An army of five fifth grade boys bellied their way across the carefully manicured lawn and slipped behind a clump of hydrangea bushes. Quietly they emptied an arsenal of little blue stones from their jean pockets, and upon command from Tony, their leader, hurled the projectiles at the enemy fort. The stones exploded upon impact shattering into thousands of pieces. The boys jumped up and surrounded the old shed.
"Billy's the only one here," Tony said disappointedly. Then he commanded, "To the Blue Goo torture chamber with him!"
The little army prodded their captive with bayonets that had been fashioned from oak branches. They nudged Billy through an open doorway and down a flight of stairs. He hesitated on the last step. A strange iridescent bluish black liquid bubbled up beneath him.
"No! Not the Blue Goo torture! I've heard tell it might be poison or something," Billy pleaded.
"It ain't poison. We've been playing in it for years and haven't died yet," Nathan taunted. And with that, the army began to toss bricks into the liquid, drenching their captive.
"Pop-rock" and "blue goo" war games were common place at Love Canal in the 1970's. I couldn't help but think about that when Carol Browner, Administrator of the Environmental Protection Agency (EPA) in Washington D.C. announced government's decision to study the effects of environmental pollutants on children.
A few years ago I was taken on a tour of abandoned housing project that was condemned in 1978 when it was found to be polluted with toxic chemicals. Bob, my friend and tour guide who had grown up nearby, described what it had been like to live and play in this community.
"I spent a lot of time here when I was a kid," Bob said as he slowed the car. I gazed in amazement at the large parcel of fenced off land complete with its boarded up dwellings, church and schoolhouse. A large parcel of land was void of buildings. Homes that once stood in that location had been demolished because the area was considered too contaminated with chemicals to be made habitable. A chill rushed down my spine when I saw a large sign that read, "Danger, Hazardous Waste Area. Unauthorized Persons Keep Out."
Bob broke my train of thought. "There were these little blue stones that exploded like tiny hand-grenades when we hurled them against buildings. Then in the spring this weird iridescent bluish black stuff bubbled up in the basements. It emitted foul smelling fumes. It was like something out of a science fiction movie, only it was for real."
This was Love Canal, a housing project in Niagara Falls, New York. For Bob and me, Love Canal had tremendous significance. We are hazardous waste chemists, those scientists who trace their professional beginnings to the discovery of 21,000 tons of industrial waste containing more than eighty toxins buried beneath the Love Canal housing project. Residents of the contaminated site, particularly children, had suffered from a variety of sicknesses for several years. Some had even died. Nobody knew exactly why, but in the mid seventies many residents and environmentalists suggested that the illnesses might be caused by that strange gunk that bubbled up in people's basements whenever there was flooding. Government officials were reluctant to admit that pollution was the cause of Love Canal's health problems. They sensed that if, indeed, those tiny exploding rocks and the bubbly stuff could cause strange illnesses, there were probably thousands or maybe even millions of other such toxic dumps all over the country making people sick. Manufacturing companies also began to squirm nervously, since toxic wastes are produced by virtually every industry. Prior to 1978 there were few laws that determined how industry should dispose of unwanted chemicals. Many companies simply dumped them wherever it was convenient with little regard for people or the environment. Soon, though, the outcry from residents of Love Canal spread to the general population and could no longer be ignored.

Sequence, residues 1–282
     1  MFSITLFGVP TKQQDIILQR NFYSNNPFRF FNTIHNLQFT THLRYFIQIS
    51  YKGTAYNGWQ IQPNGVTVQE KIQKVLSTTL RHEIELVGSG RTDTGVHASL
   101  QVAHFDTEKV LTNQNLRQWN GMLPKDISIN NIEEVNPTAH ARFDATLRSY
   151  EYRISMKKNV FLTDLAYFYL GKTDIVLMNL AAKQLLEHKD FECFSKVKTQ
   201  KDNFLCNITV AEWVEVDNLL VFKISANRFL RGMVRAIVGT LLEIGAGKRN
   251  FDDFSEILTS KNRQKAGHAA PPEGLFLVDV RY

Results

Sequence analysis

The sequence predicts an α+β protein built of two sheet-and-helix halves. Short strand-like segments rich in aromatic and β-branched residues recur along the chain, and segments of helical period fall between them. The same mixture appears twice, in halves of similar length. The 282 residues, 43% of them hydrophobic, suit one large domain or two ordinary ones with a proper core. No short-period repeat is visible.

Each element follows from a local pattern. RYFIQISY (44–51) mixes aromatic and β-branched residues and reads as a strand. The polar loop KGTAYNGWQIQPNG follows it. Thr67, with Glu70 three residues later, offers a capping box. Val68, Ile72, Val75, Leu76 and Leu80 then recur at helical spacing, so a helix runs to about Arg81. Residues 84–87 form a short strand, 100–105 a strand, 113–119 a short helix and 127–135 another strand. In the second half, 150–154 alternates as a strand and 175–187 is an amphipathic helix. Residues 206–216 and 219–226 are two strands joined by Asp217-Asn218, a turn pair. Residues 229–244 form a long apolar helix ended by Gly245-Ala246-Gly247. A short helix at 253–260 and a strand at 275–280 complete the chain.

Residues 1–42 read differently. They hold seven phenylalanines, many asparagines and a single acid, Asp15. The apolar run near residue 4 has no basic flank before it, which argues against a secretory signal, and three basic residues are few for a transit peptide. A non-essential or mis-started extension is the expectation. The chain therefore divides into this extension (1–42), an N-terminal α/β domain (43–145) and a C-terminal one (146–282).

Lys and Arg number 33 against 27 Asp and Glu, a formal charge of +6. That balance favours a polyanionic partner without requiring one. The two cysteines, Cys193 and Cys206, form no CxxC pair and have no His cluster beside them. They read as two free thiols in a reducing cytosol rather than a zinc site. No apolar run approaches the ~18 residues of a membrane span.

Parents, teachers, children, environmentalists and health workers demanded immediate action. Scientists and government agencies began to gear up to meet the challenge. Federal funds were provided for clean-up efforts, not only at Love Canal, but all across America. Regulations were enacted to insure that all existing toxic waste dumps would be cleaned up and that no new ones would be created. Thus was born RCRA (The Resource Conservation and Recovery Act) and the resulting hazardous waste regulations. The Super Fund Act was enacted and along with it the cradle to the grave law. Using monies from the Super Fund, the government cleans up land that has been severely contaminated. The Cradle to the grave law allows the Federal government to seek payment from the individual or company who initially created the waste. Until a hazardous waste has been legally disposed of, the individual who generated it is responsible for any contamination that results from that material. All of these environmental safety nets were the direct result of what happened at Love Canal.